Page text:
Bikeshare Programs Lack Accessible Options
In the New York Times, Mihir Zaveri explores how cities are handling the dearth of options for disabled riders in bikeshare programs across the United States.
Many cities with public-private bikeshare programs, including New York and Chicago, don't offer accessible options like adaptive bikes. But they may have to start. The U.S. Justice Department has said that "to the extent a bike-share program is a program, service or activity of a city or other public entity," it is required to comply with the Americans with Disabilities Act, Zaveri reports. That approach echoes other federal decisions on public infrastructure; for example, Portland and New York have been forced to upgrade sidewalks and MTA stations, respectively, to provide equal access for residents with disabilities.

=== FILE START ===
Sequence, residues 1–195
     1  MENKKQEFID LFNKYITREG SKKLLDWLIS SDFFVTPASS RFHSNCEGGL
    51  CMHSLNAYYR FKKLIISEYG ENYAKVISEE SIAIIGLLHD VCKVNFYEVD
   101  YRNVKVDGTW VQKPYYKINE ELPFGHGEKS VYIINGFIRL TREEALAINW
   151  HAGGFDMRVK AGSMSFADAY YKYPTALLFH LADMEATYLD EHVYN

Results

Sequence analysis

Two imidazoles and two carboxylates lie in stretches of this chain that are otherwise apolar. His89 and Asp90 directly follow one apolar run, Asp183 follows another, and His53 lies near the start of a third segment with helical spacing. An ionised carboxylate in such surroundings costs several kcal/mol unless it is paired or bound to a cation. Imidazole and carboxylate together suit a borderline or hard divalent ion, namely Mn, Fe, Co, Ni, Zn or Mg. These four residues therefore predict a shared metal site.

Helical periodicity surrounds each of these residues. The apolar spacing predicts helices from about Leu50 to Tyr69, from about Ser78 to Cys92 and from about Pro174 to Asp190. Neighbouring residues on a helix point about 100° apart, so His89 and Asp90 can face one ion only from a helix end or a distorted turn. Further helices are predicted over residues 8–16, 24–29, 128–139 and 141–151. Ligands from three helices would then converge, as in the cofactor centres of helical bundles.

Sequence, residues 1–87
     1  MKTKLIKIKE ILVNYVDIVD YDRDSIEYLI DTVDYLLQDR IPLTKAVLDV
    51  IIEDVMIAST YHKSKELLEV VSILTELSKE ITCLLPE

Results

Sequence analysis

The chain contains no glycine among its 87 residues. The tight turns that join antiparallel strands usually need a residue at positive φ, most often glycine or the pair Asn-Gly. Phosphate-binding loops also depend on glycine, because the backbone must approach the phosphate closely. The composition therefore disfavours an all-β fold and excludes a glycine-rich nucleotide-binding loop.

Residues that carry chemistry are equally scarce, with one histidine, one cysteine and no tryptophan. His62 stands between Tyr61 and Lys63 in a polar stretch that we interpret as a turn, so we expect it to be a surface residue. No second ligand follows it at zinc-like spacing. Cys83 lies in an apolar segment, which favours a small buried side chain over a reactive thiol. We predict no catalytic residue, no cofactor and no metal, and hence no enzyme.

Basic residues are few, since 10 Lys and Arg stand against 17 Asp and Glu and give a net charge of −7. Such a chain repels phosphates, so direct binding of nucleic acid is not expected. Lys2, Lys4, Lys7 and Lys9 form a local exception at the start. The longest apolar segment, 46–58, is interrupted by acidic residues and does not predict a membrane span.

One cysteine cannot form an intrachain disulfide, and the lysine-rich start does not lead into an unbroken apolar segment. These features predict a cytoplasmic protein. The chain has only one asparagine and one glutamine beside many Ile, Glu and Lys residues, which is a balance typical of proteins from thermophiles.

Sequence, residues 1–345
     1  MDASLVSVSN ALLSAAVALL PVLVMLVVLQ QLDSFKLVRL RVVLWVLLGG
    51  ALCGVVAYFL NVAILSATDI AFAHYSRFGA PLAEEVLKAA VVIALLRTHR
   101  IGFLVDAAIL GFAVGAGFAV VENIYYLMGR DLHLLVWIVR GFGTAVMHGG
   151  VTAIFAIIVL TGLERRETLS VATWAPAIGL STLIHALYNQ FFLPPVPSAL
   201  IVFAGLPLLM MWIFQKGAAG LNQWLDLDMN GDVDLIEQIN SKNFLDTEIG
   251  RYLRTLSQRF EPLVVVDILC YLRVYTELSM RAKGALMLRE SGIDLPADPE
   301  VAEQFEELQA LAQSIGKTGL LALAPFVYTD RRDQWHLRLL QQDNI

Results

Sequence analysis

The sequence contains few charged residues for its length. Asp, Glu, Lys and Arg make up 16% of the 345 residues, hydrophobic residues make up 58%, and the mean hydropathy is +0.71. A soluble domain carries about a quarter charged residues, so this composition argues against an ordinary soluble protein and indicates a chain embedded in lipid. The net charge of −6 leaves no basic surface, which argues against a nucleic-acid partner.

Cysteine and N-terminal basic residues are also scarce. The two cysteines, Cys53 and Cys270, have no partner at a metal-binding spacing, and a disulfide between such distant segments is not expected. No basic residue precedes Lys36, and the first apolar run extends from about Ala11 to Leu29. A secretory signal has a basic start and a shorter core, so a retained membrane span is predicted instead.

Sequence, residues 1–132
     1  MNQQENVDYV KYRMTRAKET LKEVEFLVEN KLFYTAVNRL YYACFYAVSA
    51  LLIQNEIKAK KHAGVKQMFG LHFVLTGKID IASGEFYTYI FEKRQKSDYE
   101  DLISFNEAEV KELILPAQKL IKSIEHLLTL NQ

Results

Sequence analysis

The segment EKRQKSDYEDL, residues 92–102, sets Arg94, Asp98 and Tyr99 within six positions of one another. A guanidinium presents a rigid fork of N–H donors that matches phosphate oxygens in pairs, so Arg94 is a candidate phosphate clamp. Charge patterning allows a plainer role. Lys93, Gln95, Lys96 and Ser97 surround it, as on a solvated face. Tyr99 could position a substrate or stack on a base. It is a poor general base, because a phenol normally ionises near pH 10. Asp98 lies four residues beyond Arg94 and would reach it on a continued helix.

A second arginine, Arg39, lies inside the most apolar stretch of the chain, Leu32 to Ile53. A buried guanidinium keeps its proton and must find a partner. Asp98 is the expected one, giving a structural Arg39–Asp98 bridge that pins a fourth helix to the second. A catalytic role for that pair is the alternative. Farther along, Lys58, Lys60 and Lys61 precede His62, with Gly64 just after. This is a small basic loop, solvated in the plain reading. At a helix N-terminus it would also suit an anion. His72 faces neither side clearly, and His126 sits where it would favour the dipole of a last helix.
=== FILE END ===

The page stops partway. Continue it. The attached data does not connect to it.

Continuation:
Disability rights advocates say companies can get ahead by prioritizing disabled access from the beginning of new programs, and Zehiri offers examples of what an accessible service might look like. One station in Portland, for example, offers help to riders who need to be lifted into bikes; in China, an electric bike model allows commuters to transport their wheelchairs.